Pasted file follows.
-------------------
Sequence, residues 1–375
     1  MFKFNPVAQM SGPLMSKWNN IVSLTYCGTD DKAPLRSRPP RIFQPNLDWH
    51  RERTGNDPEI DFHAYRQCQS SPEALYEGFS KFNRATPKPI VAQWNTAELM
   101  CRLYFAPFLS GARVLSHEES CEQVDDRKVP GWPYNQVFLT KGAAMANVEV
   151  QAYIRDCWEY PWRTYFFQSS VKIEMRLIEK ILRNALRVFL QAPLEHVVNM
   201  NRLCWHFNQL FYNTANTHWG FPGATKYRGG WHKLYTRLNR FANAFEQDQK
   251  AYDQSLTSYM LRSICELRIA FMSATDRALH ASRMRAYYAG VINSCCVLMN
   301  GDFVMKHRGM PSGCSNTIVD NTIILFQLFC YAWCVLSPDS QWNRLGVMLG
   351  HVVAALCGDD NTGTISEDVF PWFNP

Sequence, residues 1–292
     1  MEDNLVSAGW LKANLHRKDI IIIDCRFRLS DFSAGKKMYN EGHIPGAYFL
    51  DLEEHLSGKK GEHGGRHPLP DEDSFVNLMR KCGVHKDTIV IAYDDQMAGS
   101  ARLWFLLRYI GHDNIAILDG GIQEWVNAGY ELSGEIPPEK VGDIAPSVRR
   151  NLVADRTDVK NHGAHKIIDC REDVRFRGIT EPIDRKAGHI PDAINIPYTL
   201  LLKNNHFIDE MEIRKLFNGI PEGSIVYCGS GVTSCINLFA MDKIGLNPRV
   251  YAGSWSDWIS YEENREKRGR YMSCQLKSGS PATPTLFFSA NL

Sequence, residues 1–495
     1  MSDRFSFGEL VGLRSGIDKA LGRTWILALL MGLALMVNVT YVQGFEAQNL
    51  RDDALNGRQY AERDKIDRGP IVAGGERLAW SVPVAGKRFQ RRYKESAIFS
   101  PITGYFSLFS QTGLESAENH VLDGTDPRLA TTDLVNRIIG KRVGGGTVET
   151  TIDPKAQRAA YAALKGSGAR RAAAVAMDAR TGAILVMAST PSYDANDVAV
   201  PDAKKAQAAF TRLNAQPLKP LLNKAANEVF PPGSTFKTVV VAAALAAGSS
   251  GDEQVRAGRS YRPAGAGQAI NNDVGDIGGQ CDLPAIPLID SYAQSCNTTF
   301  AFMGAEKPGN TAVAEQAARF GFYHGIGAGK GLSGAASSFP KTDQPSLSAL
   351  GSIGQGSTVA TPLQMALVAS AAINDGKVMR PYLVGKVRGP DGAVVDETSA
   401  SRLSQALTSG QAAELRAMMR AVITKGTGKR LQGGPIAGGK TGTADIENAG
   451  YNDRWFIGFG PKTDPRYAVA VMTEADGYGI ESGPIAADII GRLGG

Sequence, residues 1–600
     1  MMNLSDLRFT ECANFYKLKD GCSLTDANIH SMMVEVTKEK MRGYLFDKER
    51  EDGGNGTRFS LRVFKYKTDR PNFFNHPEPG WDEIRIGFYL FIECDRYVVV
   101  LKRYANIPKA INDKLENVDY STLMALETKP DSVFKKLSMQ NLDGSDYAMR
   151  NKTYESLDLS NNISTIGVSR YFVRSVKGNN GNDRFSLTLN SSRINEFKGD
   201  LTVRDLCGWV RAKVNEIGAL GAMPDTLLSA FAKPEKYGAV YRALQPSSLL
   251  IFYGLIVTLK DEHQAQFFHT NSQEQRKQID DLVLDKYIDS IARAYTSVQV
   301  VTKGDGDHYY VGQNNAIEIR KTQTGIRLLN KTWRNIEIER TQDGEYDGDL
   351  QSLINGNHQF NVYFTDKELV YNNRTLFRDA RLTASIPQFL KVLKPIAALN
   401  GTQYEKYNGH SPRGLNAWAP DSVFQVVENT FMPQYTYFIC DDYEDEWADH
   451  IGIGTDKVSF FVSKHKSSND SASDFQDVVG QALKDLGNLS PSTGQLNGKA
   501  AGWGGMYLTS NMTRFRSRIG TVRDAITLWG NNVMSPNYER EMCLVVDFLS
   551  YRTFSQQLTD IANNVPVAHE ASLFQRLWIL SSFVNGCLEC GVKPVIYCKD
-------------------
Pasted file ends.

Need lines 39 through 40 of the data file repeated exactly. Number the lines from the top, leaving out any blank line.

   501  AGWGGMYLTS NMTRFRSRIG TVRDAITLWG NNVMSPNYER EMCLVVDFLS
   551  YRTFSQQLTD IANNVPVAHE ASLFQRLWIL SSFVNGCLEC GVKPVIYCKD